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Wind-Power Plan Must Clear PNM Hurdle

Santa Fe city government wants to start buying its electricity from a new wind power company, but it may run into opposition from Public Service Co. of New Mexico, the state regulated power monopoly. Delaware-based Patriot Wind, in cooperation with Santa Fe-based Windforce Inc., has plans to build a 20-turbine wind ranch in eastern New Mexico. The ranch is to be built on 640 acres of state-owned land about 30 miles southeast of Springer. But before Patriot Wind can get financing for the project, according to a memo from Santa Fe City Attorney Frank Katz, it needs to get commitments from potential customers to buy the electricity -- a prospect that could prove daunting, considering PNM's monopoly..........PNM already has a program in place called Sky Blue that allows customers to purchase energy generated from a wind farm in southern New Mexico. Customers pay 22 percent more for their electricity after enrolling in the program.

Santa Fe city government wants to start buying its electricity from a new wind power company, but it may run into opposition from Public Service Co. of New Mexico, the state regulated power monopoly.

Delaware-based Patriot Wind, in cooperation with Santa Fe-based Windforce Inc., has plans to build a 20-turbine wind ranch in eastern New Mexico. The ranch is to be built on 640 acres of state-owned land about 30 miles southeast of Springer.

But before Patriot Wind can get financing for the project, according to a memo from Santa Fe City Attorney Frank Katz, it needs to get commitments from potential customers to buy the electricity -- a prospect that could prove daunting, considering PNM's monopoly.

PNM spokesman Jeff Buell said a change in state law was needed if Santa Fe wants to buy its electricity from someone other than PNM.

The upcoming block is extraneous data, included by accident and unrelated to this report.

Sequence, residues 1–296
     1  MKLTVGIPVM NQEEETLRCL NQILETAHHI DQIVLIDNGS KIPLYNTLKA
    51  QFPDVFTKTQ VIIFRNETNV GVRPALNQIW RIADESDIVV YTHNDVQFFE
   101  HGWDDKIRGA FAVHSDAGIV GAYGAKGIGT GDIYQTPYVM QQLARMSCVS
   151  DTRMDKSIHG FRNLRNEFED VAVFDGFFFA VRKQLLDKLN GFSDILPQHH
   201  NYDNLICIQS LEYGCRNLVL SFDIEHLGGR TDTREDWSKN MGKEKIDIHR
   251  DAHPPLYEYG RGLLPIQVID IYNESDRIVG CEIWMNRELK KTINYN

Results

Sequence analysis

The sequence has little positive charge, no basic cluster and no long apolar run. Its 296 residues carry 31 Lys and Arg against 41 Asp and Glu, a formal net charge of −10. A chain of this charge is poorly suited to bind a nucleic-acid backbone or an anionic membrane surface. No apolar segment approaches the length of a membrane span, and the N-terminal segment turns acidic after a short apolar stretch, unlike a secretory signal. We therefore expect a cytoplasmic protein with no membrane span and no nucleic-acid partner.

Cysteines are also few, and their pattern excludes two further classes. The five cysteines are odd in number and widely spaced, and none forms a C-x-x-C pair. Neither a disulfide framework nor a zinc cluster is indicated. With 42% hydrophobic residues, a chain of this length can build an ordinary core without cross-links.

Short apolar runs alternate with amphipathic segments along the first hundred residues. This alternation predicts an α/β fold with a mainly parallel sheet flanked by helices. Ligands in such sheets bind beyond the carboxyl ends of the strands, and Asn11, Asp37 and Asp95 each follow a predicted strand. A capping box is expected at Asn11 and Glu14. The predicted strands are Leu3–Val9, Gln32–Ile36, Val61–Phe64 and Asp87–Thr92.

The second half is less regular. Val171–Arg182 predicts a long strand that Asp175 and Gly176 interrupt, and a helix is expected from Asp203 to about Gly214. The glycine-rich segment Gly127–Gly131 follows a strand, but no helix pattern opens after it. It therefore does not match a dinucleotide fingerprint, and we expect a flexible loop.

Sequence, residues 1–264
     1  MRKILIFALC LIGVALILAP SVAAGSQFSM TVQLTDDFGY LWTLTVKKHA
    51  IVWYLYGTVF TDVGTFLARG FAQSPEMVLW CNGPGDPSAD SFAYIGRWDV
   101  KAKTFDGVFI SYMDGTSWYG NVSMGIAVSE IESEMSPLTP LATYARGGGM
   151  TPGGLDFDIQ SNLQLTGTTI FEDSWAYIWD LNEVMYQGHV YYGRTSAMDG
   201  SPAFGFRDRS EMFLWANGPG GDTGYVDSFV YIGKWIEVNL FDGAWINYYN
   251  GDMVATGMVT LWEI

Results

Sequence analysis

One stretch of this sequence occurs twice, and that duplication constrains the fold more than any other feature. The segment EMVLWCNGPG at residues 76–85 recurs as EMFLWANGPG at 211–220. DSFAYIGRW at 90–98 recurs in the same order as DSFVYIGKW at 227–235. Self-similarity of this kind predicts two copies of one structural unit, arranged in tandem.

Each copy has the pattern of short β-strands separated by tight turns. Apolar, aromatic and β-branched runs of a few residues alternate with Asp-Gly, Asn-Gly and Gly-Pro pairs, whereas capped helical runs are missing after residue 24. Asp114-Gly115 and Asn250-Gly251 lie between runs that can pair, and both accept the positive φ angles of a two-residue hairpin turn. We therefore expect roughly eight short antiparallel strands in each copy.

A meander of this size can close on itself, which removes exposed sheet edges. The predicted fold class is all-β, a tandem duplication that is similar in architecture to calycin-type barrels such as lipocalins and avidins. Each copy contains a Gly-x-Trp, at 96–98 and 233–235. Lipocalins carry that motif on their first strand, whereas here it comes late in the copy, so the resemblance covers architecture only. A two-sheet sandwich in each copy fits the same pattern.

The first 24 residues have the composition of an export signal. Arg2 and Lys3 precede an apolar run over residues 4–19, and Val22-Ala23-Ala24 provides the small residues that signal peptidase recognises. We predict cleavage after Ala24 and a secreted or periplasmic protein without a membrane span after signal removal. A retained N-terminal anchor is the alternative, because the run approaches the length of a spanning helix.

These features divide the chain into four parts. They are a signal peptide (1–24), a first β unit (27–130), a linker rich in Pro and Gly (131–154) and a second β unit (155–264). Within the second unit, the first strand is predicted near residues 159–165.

"Essentially, what they're proposing is a deregulated energy industry ... an issue already studied exhaustively," Buell said. "The conclusion was that was not in the best interest of the state of New Mexico."

Katz, on the other hand, said it was his understanding that the Public Regulation Commission, the state agency that regulates PNM, could approve the change. In his memo to city councilors, Katz said the city "could expect PNM to fight" the change.

PNM already has a program in place called Sky Blue that allows customers to... [truncated due to possible copyright]  

Santa Fe city government wants to start buying its electricity from a new wind power company, but it may run into opposition from Public Service Co. of New Mexico, the state regulated power monopoly.

Delaware-based Patriot Wind, in cooperation with Santa Fe-based Windforce Inc., has plans to build a 20-turbine wind ranch in eastern New Mexico. The ranch is to be built on 640 acres of state-owned land about 30 miles southeast of Springer.

But before Patriot Wind can get financing for the project, according to a memo from Santa Fe City Attorney Frank Katz, it needs to get commitments from potential customers to buy the electricity -- a prospect that could prove daunting, considering PNM's monopoly.

PNM spokesman Jeff Buell said a change in state law was needed if Santa Fe wants to buy its electricity from someone other than PNM.

"Essentially, what they're proposing is a deregulated energy industry ... an issue already studied exhaustively," Buell said. "The conclusion was that was not in the best interest of the state of New Mexico."

Katz, on the other hand, said it was his understanding that the Public Regulation Commission, the state agency that regulates PNM, could approve the change. In his memo to city councilors, Katz said the city "could expect PNM to fight" the change.

PNM already has a program in place called Sky Blue that allows customers to purchase energy generated from a wind farm in southern New Mexico. Customers pay 22 percent more for their electricity after enrolling in the program.

In addition, Patriot Wind would have to transmit the electricity through PNM transmission lines, although it is unclear how much additional money PNM would charge or whether PNM would agree to do so.

"Why would they agree to help a competitor?" Katz asks in his memo.

City councilors who discussed the issue Monday at a Public Works Committee meeting said they think PNM may be obligated to transmit the electricity based on a federal law. The committee approved a "memorandum of understanding" that commits Santa Fe to buying electricity from the company, provided that Patriot Wind can overcome the legal and regulatory hurdles.

City Councilor Rebecca Wurzburger said the commitment effectively opens the door to an alternative, sustainable approach to energy.


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DEC 5 2006
http://www.windaction.org/posts/6133-wind-power-plan-must-clear-pnm-hurdle
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